KS online public schools see uptick in enrollment due to COVID
TOPEKA, Kan. (WIBW) - Two online public schools in Kansas are seeing an increase in enrollment since the pandemic began.
Kansas Virtual Academy (KSVA) is a fully online, tuition-free public school for Kindergarten through 6th graders. In 2020, their numbers grew by about 500% and this year, nearly 300%.
Insight School of Kansas (ISKS) serves their 7th through 12th-grade students. While its enrollment did not see quite as big of a jump, it still rose by 50% last year and 10% this year.
Cassandra Barton, Head of School, said the pandemic forced schools across the country into online learning, but that was not a new concept for them.
“We had all of our systems and platforms in place already,” Barton continued saying, “Our staff had been trained on them and are experts at engaging students in a virtual setting.”
For those reasons, she said it did not disrupt their school year.
“We did not have the disruptions to our schedules, we didn’t have to worry about students being quarantined and having to stay home from school, and so we are seeing them just continuing to grow, learn, and go at the pace they should be,” Barton added.
However, she said the pandemic did mainly fuel that uptick in enrollment numbers at KSVA and ISKS.
“Our enrollment does continue to be higher for our virtual schools than it was pre-covid,” Barton said. “Each family comes with a different story and their reasons are different, but a lot of them are pertaining to some aspect of the pandemic.”
She said more recently the Delta variant, the covid vaccine not being available for children under 12, and some districts not requiring masks are families’ biggest concerns.
“There are some families that are just looking for something temporary until they are able to be fully vaccinated, have their kids fully vaccinated, and get them back in a building,” Barton continued saying, “What we learned last year was a lot of families came and tried us out without a lot of background information and really liked how it fit into their family dynamic. They have then continued to stay with us.”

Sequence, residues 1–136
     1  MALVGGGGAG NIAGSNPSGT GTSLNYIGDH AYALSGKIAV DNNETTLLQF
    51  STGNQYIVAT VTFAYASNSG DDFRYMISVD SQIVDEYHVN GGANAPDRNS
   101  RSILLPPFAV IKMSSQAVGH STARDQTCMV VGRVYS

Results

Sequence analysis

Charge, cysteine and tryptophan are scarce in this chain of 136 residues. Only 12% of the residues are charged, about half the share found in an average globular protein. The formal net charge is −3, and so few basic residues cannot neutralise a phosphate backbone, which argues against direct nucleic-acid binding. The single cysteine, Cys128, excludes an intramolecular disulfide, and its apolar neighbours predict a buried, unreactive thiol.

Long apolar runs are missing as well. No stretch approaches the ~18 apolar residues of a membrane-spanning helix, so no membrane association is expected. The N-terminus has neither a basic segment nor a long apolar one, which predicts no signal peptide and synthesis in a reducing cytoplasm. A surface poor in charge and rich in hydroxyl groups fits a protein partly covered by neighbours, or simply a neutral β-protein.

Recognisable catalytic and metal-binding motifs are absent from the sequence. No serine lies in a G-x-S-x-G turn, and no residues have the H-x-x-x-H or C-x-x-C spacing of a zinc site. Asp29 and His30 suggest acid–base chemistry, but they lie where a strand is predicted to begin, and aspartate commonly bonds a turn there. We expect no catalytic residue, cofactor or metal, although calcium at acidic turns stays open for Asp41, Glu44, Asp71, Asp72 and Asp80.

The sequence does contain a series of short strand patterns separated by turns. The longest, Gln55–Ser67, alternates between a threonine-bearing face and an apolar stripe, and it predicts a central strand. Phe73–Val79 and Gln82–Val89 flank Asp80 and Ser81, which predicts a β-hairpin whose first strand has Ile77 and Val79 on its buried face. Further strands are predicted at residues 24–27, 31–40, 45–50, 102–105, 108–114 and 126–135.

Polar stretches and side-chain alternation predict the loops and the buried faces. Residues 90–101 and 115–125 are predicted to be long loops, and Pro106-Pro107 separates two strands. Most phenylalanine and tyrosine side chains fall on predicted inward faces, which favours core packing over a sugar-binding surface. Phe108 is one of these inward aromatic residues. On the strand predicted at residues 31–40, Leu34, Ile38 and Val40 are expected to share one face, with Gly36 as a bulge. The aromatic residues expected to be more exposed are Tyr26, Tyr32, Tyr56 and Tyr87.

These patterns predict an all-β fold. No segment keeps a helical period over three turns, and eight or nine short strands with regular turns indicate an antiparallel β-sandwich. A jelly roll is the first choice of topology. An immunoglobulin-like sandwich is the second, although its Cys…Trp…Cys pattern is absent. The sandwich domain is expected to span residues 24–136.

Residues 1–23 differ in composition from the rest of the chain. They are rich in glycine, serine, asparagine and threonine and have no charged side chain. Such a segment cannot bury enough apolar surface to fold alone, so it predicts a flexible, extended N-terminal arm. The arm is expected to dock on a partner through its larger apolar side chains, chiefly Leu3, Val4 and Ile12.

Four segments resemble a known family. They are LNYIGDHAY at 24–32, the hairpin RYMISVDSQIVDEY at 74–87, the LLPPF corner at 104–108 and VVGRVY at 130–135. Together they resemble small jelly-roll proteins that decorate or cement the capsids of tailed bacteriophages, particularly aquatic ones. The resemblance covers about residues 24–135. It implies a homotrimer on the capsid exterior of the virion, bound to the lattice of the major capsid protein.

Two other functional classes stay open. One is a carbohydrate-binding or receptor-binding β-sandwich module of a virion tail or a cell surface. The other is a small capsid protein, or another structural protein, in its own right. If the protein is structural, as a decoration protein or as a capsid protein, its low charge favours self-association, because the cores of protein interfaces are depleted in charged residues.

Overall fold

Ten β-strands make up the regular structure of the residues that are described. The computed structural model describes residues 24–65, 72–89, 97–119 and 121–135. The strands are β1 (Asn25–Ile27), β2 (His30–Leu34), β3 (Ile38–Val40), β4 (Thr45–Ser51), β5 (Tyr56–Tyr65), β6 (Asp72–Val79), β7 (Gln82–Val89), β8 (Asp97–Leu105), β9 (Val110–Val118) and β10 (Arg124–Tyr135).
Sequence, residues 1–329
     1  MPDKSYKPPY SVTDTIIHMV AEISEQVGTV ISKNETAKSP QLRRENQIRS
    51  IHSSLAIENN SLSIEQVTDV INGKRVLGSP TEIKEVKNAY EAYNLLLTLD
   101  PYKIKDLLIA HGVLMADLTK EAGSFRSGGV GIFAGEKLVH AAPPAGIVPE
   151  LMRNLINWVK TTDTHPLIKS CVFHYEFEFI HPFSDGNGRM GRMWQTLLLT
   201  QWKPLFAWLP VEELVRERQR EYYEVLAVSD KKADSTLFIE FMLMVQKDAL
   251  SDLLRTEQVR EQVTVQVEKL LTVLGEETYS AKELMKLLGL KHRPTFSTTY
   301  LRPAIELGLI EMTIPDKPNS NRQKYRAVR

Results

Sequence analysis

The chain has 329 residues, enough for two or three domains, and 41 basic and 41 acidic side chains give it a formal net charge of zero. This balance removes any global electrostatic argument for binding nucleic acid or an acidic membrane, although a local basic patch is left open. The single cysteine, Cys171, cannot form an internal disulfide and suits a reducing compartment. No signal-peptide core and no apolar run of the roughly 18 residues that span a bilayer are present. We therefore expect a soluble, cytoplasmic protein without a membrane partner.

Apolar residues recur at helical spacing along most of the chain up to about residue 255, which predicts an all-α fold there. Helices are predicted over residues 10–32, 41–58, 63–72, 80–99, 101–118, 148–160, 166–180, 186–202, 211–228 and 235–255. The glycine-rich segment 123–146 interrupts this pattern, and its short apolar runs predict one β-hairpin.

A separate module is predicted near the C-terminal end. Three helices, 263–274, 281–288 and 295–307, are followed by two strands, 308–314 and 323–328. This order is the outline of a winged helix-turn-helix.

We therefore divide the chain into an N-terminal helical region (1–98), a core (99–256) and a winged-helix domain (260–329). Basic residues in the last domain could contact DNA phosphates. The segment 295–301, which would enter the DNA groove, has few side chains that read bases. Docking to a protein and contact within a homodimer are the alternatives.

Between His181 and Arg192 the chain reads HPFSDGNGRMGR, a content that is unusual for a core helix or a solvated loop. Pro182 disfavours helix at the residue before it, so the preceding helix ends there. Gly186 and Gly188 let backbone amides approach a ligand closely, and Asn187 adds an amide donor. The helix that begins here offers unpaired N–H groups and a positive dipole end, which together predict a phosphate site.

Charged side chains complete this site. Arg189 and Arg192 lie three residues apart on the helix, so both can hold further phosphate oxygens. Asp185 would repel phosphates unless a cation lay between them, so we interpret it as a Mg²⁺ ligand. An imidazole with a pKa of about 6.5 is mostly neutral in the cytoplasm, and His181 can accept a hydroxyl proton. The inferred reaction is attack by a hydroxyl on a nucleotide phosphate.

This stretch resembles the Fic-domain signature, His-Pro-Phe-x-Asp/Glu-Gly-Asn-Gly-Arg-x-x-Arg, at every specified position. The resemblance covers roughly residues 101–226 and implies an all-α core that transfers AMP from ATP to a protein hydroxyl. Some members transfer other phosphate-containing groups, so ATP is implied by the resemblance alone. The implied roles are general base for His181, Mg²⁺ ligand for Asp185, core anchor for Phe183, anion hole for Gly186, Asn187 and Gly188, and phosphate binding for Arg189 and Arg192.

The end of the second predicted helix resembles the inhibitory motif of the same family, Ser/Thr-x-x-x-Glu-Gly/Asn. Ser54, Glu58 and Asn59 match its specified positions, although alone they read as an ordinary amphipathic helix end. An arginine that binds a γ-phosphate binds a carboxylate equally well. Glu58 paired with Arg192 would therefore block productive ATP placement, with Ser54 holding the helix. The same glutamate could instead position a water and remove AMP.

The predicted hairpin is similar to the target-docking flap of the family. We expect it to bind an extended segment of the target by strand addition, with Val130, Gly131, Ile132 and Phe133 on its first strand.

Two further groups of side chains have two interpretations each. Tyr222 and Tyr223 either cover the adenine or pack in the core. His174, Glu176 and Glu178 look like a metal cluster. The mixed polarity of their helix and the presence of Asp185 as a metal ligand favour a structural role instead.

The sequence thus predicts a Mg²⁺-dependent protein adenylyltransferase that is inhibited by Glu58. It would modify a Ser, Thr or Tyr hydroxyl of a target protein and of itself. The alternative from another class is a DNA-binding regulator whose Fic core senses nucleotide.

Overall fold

For those that may question the effectiveness of online learning, Barton said it always depends on the student.
“I will always advocate, you’ve gotta figure out what works best for your student, but a lot of our students and families find that there are often fewer distractions when they are schooling from home in a virtual school. So, that allows them to spend more time and focus on the content.”
She also added, “Our staff, students, and parents always report that they find the relationships can be even stronger. We encourage our kiddos to speak up, pick up the phone and call your teacher if you have a question on your math homework, and when they do that and they see that we are all partnering together as a team to support them, they build those stronger relationships where they might not get the time to do that in a brick and mortar building going class to class.”
Barton said their curriculum also has a strong focus on setting students up for the future.
“They’re learning to set a schedule that works for them to be most productive, how to advocate for themselves when they have a question or need support, they’ve learned how to stay connected even though everything’s completely virtual,” she continued saying, “We’re going to see that translate, especially as we’re seeing that increase in jobs in the workforce moving to a virtual option in some realms. That’s going to be I think an advantage for our students because they know how to operate in that world.”
Enrollment is still open for both schools. For more information or to enroll your child, visit their website.
Copyright 2021 WIBW. All rights reserved.